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Professor McIntosh's beliefs

Answers In Genesis has a long catalogue of publicly available audio webcasts from Andy McIntosh. These can be found here on Answers in Genesis's main web site. They consist of three lecturers in eleven parts.

Here are some notes made by one of our science PhDs.

The importance of creation

This recording, taken of McIntosh speaking in a Reformed Baptist church in the USA, makes it abundantly clear that he is a biblical literalist and 6 x 24hr-day Young Earth Creationist. He says that there was a real Garden of Eden not long ago and clearly believes in the Devil. He says Biblical genealogy shows that Adam's life overlapped with Methuselah, who overlapped with Shem, who overlapped with Abraham and so knowledge would have been tranmitted from Adam to Abraham over this short chain. No one doubts, he says, that Abraham lived about 2000 BC.

On science, he says that there are things which God did not reveal and so remained to be discovered by science. What God did reveal in the Bible, however, is true and any science contradicting it is wrong. His words are:

"But what we have revealed in the Bible, where it touches on astronomy, where it touches on science, where it touches on geology, like the flood and many other things which are recorded in the Bible, where it touches on science, we need to stand by it. Not all truth is possible to understand by science and not all science is true. That's an important point because if you've got a scientist with all - you can have so many letters after your name, I don't know how many letters he may have after his name - but if he says something which is totally different to what the Bible says, you know which one's true!"

Creation or Evolution?

Here he speculates on the source of the Sun's energy. He says that there is a problem with fusion - missing nutrinos. He suggests that a far better explanation is that the energy comes from gravitational collapse. This he says would mean that the Sun is only a few thousands of years old, not the billions calculated by astronomers.

He then declares that short-period comets are evidence of a young Solar System. Coming back to Earth, he says that Californian Redwoods suffer from no known desease and so, since none are dated by their rings to be older than 4-5000 years, they are evidence for a young earth. Likewise, population growth figures, extrapolated backwards, show that humans have only been around for a few thousand years.

He continues, talking about how fossil fuels could be recent. He points out that he comes from the department of Leeds University of which he is now professor, and says "...I'm not allowed to teach them myself on this point, I'm just reserved for the theory, but I do put my little two-pennyworth to my students when I talk to them about origin of fuels - I do say to them, 'look, we musn't ignore the catastrophic possibility for fuels, that they can be formed quickly, they don't need long periods of time. All you need is enough pressure and enough temperature and you can form carbonaceous material - that is creatures which have died - you can form oil and coal very very quickly indeed.'"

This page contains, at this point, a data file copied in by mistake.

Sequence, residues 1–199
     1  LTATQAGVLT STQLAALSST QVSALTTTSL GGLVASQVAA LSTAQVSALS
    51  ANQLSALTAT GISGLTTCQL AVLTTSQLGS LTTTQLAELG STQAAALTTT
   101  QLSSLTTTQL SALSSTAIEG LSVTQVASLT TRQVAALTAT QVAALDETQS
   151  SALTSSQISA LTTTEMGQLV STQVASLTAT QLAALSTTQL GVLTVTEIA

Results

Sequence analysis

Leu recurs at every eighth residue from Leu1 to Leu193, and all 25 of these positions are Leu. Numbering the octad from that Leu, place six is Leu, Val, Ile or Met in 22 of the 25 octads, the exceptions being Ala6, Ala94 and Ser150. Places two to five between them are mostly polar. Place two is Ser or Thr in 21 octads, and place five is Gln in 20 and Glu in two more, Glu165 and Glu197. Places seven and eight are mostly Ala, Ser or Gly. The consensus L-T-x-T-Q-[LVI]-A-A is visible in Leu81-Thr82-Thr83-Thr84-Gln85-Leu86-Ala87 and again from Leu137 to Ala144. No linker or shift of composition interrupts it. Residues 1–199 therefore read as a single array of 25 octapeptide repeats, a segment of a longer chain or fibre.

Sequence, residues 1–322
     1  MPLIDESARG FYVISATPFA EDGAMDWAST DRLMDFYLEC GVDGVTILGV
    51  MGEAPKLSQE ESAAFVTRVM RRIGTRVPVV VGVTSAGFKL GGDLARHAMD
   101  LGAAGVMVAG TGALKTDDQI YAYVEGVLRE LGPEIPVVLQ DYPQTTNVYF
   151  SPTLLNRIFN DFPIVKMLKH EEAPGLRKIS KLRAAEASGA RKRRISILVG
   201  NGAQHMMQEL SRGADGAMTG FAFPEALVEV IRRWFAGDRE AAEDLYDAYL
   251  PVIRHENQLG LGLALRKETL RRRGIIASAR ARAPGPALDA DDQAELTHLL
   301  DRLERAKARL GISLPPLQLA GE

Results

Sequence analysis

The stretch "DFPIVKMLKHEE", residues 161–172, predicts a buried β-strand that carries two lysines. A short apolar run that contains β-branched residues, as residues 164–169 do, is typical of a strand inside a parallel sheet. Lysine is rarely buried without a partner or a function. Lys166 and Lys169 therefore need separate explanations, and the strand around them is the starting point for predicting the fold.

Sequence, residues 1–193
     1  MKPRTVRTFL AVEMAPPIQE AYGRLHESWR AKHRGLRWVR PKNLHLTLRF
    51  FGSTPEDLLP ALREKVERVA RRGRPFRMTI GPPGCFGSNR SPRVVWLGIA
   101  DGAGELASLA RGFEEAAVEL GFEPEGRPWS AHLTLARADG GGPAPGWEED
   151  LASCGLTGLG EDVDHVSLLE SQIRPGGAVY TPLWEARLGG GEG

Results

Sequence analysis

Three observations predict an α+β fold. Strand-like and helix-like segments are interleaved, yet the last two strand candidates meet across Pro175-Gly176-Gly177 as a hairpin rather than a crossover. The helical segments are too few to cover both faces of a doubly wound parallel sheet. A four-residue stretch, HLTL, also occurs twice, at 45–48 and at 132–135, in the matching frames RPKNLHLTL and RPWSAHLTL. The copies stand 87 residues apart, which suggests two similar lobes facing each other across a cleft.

All considered, in view of the title, he says remarkably little about evolution.

The world by chance or design?

In this lecture, he discusses the evolution of flight. That it could have happened once, he finds incredible; that it happened three times he declares "scientific madness". He touches on "irreducible complexity" (without calling it that), mocking that you couldn't have "half a bat" etc. and similarly decrying evolution by saying that although you can selectively breed dogs, dogs don't turn into cats.

Turning to fossils, he says that some fossil animals were much larger than their modern counterparts. Before the Flood, butterflies for instance were much larger to suit a "much thicker or different kind of atmosphere " - which would also have allowed giant pterodactyls to fly. After the Flood, conditions would have changed to the very different ones we have today,

Just one quote:

At the end, summing up, he says, "The evidence fits very well with the Creationist understanding of the world around us."

I think all this goes some way towards undermining Truth in Science's more recent take on Intelligent Design.

In conclusion, here is Andy McIntosh talking to Ken Ham of Answers in Genesis:

KH "You're a scientist but you're a creationist too?"
AM "Very definitely."
KH "So you believe that God created in six days, just like the Bible says?"
AM "Definitely, no doubt about it."
KH "There was a global Flood?"
AM "Exactly."
KH "No death and bloodshed and disease before sin?"
AM "Absolutely."

You can't put it more clearly than that. The professor is a 6x24hr-day biblical literalist, diluvialist and Creationist.

Truth in Science's Intelligent Design advocacy is just a smokescreen - as we all knew, of course.

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